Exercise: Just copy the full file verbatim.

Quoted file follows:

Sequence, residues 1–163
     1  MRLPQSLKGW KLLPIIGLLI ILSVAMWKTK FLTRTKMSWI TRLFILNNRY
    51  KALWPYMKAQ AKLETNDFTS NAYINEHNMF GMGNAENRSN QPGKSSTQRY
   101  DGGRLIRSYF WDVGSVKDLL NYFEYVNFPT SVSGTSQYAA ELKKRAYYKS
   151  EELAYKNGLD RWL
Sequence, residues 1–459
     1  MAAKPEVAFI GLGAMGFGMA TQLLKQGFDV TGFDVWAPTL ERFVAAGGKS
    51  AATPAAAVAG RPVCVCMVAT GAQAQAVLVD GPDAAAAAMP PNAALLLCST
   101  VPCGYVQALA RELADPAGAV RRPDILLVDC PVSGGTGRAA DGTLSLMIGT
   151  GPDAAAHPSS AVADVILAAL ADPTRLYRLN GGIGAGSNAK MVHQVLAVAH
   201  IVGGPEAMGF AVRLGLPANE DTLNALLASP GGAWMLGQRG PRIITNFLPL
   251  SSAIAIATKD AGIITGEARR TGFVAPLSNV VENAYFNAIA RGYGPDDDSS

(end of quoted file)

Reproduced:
Sequence, residues 1–163
     1  MRLPQSLKGW KLLPIIGLLI ILSVAMWKTK FLTRTKMSWI TRLFILNNRY
    51  KALWPYMKAQ AKLETNDFTS NAYINEHNMF GMGNAENRSN QPGKSSTQRY
   101  DGGRLIRSYF WDVGSVKDLL NYFEYVNFPT SVSGTSQYAA ELKKRAYYKS
   151  EELAYKNGLD RWL
Sequence, residues 1–459
     1  MAAKPEVAFI GLGAMGFGMA TQLLKQGFDV TGFDVWAPTL ERFVAAGGKS
    51  AATPAAAVAG RPVCVCMVAT GAQAQAVLVD GPDAAAAAMP PNAALLLCST
   101  VPCGYVQALA RELADPAGAV RRPDILLVDC PVSGGTGRAA DGTLSLMIGT
   151  GPDAAAHPSS AVADVILAAL ADPTRLYRLN GGIGAGSNAK MVHQVLAVAH
   201  IVGGPEAMGF AVRLGLPANE DTLNALLASP GGAWMLGQRG PRIITNFLPL
   251  SSAIAIATKD AGIITGEARR TGFVAPLSNV VENAYFNAIA RGYGPDDDSS